A federal court in California has denied a motion for class certification in a suit alleging that Neutrogena Corp. misled consumers by advertising its beauty products as “clinically proven” to prevent and repair facial wrinkles, fine lines and other indicia of aging, thus making users appear younger. Chow v. Neutrogena Corp., No. 12-4624 (U.S. Dist. Ct., C.D. Cal., W. Div., decided January 22, 2013). Among other matters, the named plaintiff alleged breach of express warranty and violation of the Consumers Legal Remedies Act.

In the court’s view, “[t]here are significant doubts as to Plaintiff’s ability to meet the threshold requirements of commonality, typicality and adequacy” under Federal Rule of Civil Procedure 23(a), and “individual issues predominate over common questions of law and fact” under Rule 23(b)(3), thus making “the class action device… not appropriate.” According to the court, because “money damages are the true purpose of this action,” the plaintiff’s request for certification under Rule 23(b)(2) was also inappropriate.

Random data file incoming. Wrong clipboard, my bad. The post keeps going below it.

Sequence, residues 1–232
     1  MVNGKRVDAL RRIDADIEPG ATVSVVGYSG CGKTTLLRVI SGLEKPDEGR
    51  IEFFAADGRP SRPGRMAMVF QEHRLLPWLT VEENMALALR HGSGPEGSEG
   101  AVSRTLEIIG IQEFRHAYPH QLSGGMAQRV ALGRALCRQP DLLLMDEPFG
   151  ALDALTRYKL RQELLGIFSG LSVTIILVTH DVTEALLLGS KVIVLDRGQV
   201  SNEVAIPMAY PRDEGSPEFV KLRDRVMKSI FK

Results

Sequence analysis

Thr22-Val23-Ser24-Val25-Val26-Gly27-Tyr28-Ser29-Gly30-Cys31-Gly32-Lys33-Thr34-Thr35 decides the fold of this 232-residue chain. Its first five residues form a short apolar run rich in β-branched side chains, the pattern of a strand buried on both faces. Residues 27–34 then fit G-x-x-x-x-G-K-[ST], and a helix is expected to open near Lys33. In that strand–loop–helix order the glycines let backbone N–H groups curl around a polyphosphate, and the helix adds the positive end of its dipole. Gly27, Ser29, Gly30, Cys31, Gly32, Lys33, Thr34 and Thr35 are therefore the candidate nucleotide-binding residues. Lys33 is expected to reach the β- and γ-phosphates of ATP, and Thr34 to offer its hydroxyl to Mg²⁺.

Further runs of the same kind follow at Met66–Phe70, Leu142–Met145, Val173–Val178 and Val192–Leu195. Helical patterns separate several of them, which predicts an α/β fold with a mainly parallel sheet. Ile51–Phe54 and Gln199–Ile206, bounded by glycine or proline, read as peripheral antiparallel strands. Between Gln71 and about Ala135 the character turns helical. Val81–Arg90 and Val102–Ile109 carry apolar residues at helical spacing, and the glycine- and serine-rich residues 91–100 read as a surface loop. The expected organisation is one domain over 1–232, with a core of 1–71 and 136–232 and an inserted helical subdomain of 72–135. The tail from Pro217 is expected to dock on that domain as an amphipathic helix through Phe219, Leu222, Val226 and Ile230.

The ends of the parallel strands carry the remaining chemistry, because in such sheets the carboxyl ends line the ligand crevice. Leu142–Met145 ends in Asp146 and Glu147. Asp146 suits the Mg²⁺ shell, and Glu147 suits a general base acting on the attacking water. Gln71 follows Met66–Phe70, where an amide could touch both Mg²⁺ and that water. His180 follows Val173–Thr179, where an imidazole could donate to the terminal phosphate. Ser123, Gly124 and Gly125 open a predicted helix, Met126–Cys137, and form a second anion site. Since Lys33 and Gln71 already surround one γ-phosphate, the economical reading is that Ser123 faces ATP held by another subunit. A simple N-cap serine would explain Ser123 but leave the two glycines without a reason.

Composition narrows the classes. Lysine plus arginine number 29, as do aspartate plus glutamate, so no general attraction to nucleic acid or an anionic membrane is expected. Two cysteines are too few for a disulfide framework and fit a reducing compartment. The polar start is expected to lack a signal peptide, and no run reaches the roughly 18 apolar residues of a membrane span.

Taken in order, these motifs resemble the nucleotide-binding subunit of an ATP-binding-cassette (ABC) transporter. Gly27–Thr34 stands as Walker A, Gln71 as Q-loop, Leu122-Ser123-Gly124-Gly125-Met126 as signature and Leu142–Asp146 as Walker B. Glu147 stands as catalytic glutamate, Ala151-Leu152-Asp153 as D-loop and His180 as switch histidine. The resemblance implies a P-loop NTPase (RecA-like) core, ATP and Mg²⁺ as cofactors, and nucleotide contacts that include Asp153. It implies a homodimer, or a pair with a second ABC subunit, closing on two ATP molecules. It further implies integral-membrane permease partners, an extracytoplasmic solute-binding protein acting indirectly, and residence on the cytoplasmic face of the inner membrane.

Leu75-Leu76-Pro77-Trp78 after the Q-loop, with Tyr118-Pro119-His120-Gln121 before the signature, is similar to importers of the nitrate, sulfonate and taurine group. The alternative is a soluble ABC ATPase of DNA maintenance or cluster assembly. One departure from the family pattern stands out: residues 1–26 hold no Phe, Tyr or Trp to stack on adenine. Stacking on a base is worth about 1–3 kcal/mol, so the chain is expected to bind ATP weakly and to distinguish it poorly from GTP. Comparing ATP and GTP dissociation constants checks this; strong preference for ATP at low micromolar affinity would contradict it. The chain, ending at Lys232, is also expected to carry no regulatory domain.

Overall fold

The court found “significant individualized questions as to whether the product worked as advertised for each individual class member,” questions that “would necessitate consulting each class member individually to determine if they experienced the advertised result.” The court also determined that the alleged misrepresentations were not subject to an inference of class-wide reliance “because, among other reasons, a significant portion of consumers who purchased the product were repeat purchasers. Plaintiff has not provided significant proof to distinguish between mere favorability toward products bearing the Neutrogena brand name, for example, and reliance upon specific advertised benefits of the products in this case.”